1. FORMAT: Type papers with a 12 pt. font, double-space, number pages, and proofread carefully; correctness counts.
    1. While you are encouraged to use your natural voice, avoid highly colloquial usage, such as "The ending blew my mind" or "Her awesome sense of humorâ?¦" Avoid passive construction, such as "irony can be seen inâ?¦" or "a definite freedom was evidenced inâ?¦," which makes writing feel stiff and pompous. Instead, write, "the reference to her brother's saintliness is ironic" or "the seemingly random association of images suggests freedom."
    2. The convention in writing about literature is to discuss actions from a work in present tense, as if they were happening right now: "Joyce creates a melancholic mood with images of night and isolation." Or, "When Marlow first sees Kurtz, heâ?¦."
    3. Use transitional words or phrases to connect parts of your argument (e.g., therefore, furthermore, nevertheless, consequently, however, similarly, by contrast, rather, instead, as a result, on the other hand, for example, etc.). These are SIGNPOSTS that help the reader follow the thread of your argument. Remember, these words can begin a sentence or can connect two independent clauses using the following punctuation: "Woolf's writing can be highly sarcastic and playful; however, in To The Lighthouse, the tone is somber and elegiac." Instead of "So" or "Also," use more formal phrases: "It is clear, then, that Marlow lies to himself on at least one occasion"; "This passage confirms that Marlow isn't honest with himself."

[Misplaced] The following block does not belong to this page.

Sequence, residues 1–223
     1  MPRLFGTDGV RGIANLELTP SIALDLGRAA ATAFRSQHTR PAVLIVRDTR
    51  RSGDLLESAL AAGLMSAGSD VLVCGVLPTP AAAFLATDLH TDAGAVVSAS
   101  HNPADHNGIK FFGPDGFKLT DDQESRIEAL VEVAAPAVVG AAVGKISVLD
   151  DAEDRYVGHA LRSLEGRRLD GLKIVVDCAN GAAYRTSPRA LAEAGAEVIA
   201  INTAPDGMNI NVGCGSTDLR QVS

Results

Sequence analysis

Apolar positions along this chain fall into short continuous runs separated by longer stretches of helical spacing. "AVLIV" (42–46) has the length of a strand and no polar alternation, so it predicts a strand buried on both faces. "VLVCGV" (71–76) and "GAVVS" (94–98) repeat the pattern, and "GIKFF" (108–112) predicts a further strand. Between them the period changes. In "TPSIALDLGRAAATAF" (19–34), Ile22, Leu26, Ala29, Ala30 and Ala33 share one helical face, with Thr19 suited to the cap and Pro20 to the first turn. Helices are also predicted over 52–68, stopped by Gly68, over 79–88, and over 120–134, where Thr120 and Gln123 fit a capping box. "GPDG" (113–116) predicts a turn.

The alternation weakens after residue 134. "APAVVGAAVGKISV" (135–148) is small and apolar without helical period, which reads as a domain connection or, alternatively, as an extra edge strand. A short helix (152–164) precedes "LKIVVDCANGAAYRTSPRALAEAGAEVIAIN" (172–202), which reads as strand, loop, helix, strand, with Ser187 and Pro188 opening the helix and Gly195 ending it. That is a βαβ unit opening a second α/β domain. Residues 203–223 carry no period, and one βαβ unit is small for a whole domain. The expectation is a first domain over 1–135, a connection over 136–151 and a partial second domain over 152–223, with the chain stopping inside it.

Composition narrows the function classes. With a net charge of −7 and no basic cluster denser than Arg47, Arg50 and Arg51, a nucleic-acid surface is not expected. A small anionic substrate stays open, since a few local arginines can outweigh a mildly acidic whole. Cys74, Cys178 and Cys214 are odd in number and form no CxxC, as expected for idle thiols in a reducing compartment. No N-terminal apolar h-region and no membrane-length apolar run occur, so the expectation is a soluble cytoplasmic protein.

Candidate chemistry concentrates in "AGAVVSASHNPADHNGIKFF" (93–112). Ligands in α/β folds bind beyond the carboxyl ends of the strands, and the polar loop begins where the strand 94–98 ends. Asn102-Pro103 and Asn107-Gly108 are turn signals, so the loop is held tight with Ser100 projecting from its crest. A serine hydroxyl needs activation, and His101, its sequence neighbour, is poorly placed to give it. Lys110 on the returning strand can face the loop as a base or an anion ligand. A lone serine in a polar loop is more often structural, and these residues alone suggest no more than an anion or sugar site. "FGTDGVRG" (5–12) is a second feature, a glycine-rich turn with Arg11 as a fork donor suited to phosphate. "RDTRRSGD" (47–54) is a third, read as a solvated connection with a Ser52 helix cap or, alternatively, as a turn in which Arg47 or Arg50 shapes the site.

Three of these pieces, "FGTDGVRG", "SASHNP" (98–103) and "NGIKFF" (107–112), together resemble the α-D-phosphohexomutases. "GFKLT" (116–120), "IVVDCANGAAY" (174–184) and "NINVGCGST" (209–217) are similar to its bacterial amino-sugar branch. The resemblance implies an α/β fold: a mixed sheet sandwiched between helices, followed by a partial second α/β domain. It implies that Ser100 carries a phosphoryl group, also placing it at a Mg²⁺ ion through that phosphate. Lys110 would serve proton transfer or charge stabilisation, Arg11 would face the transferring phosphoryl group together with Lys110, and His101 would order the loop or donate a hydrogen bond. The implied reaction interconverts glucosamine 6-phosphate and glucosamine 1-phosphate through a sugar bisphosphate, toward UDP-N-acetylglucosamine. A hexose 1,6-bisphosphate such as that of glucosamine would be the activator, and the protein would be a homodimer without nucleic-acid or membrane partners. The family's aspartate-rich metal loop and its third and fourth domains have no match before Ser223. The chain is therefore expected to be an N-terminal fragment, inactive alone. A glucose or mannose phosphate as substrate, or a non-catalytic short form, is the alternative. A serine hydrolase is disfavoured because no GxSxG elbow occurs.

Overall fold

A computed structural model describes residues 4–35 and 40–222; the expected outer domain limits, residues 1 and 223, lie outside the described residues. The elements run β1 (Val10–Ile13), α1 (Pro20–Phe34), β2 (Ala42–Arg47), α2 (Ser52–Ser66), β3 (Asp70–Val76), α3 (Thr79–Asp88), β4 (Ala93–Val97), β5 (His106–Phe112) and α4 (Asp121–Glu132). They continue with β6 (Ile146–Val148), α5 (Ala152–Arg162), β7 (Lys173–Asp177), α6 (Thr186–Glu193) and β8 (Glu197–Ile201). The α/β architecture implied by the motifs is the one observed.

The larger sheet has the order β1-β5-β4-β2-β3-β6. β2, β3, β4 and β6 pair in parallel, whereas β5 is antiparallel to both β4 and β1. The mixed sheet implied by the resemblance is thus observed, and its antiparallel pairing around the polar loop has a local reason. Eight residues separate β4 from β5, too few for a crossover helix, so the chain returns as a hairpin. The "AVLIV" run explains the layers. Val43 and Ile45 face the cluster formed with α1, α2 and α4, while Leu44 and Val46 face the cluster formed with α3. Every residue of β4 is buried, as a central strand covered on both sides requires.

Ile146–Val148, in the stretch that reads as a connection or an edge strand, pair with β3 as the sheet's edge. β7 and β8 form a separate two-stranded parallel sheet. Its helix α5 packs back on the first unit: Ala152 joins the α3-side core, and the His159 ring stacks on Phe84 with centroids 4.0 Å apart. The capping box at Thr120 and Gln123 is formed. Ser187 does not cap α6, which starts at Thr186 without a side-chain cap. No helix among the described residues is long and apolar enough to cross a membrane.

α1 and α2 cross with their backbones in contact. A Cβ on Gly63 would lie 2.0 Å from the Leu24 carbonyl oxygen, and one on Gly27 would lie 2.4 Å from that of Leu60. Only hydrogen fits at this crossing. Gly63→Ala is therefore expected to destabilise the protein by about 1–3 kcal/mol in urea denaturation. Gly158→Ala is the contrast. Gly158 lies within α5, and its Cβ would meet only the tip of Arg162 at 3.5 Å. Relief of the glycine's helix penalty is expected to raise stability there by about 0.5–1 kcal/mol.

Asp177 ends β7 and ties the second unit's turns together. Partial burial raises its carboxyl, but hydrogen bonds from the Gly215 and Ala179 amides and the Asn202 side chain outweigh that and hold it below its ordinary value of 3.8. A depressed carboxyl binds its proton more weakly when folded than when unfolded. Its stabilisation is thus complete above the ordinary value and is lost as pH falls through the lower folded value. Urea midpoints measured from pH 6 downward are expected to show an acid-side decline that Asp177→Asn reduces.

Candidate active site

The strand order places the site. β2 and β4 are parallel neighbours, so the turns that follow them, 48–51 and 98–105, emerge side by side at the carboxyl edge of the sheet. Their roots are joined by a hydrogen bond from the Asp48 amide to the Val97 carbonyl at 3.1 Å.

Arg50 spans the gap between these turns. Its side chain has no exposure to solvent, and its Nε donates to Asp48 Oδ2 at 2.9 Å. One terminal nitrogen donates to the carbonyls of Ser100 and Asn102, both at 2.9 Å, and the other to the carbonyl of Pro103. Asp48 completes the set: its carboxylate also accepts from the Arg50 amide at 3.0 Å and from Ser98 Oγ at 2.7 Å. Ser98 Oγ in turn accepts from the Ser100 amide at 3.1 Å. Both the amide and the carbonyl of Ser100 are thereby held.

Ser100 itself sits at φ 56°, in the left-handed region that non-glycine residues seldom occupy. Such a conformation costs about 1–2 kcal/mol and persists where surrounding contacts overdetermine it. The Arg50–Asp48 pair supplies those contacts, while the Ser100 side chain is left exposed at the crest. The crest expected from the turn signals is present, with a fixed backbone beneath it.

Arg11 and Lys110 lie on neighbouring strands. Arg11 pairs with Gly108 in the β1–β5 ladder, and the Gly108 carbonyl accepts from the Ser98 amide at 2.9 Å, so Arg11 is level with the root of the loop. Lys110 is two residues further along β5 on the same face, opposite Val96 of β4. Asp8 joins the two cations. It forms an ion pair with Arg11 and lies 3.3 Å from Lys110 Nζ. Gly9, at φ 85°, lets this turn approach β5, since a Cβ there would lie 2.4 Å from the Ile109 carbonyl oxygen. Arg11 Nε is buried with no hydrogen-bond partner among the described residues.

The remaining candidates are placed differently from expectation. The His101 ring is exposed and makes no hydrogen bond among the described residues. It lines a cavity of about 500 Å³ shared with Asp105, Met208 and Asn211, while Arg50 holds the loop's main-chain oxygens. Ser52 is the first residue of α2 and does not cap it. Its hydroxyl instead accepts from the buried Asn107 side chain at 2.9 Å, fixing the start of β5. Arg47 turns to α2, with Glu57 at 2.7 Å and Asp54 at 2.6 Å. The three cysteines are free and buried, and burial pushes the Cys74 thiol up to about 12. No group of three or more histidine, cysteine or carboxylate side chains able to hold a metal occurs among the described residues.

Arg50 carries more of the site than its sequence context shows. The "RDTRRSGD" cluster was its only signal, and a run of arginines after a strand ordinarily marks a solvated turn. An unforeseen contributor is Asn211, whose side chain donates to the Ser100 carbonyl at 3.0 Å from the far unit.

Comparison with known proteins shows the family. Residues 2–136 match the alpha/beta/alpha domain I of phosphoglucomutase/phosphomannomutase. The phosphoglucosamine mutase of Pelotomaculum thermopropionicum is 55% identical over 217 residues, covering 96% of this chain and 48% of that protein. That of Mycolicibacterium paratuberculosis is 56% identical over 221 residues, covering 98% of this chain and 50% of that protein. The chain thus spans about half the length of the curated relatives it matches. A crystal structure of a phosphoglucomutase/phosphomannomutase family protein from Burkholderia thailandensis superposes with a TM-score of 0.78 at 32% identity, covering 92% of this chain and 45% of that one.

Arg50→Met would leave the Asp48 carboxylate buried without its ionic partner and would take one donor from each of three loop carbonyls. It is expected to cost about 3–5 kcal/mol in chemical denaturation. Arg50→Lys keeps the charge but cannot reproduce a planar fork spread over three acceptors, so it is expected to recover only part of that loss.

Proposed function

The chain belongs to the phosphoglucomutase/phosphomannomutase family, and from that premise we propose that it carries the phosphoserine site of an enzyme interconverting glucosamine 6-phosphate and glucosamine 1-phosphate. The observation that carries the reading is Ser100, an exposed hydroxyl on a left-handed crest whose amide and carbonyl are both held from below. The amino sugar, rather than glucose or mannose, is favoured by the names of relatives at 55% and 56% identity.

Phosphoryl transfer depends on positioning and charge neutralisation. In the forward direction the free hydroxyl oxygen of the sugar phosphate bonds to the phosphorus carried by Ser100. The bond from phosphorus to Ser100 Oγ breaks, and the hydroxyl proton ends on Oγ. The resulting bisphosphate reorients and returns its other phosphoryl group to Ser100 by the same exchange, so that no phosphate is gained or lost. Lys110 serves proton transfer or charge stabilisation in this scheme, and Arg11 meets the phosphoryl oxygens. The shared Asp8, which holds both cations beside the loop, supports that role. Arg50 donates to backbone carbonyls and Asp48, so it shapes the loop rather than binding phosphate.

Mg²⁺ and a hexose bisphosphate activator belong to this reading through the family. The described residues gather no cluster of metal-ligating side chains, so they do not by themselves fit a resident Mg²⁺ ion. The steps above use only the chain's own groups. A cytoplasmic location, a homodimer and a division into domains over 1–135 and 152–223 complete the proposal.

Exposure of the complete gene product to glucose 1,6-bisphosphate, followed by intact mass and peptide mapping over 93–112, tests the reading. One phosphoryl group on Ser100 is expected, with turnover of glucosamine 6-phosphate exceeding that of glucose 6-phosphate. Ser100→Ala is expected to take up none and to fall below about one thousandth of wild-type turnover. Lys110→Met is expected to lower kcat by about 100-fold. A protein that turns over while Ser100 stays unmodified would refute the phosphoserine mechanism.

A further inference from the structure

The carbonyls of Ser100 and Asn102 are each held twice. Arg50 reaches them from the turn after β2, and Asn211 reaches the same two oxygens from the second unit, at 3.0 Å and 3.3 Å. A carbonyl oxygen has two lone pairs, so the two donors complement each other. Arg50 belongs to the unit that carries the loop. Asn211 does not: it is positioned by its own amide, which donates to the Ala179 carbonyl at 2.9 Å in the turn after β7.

3. TEXTS:
    1. Introduce the text you're writing about in the beginning of your essay by mentioning the author's full name and the complete title of the work. Titles of books should be underlined or put in italics. (Titles of stories, essays and poems are in "quotation marks.") Refer to the text specifically as a novel, story, essay, memoir, or poem, depending on what it is.
    2. In subsequent references to the author, use his or her last name. If the title is very long and you are making numerous references to it, you can refer to it by a shortened version. i.e., "A Perfect Day For Banana Fish" can become "Banana Fish."
    1. Don't begin by quoting the assignment sheet or indicating which topic you're writing about. Your essay should stand alone, quite independent of the assignment sheet.
    2. Don't begin with vast generalizations like "Within every human being there are unique thoughts and feelings that no other person has ever experienced before." Or, "Color symbolism is found in all great pieces of literature." These "from the dawn of time" statements point to a lack of focus or (public enemy number one) a vague thesis.
    3. In most cases, it's best to state your main idea - your thesis - in the first or second paragraph, so that your reader knows right away what it is that you're going to argue.
    1. Don't evaluate the quality of the writing ("Faulkner's use of symbolism, narration, word choice, and characterization made this a powerful novel."); analyze and interpret instead. You're not writing a review, where evaluation is appropriate; you're writing criticism (which isn't necessarily critical, but analytic). Avoid comments such as "I likedâ?¦" or "I was confused byâ?¦." Don't refer to your own process of investigation. Instead of writing "I couldn't find a beginning, climax, end in â??The Mark On The Wall,'" (which tells your readers about you instead of the text), you might write "'The Mark On The Wall' dispenses with the traditional beginning-climax-end story structure."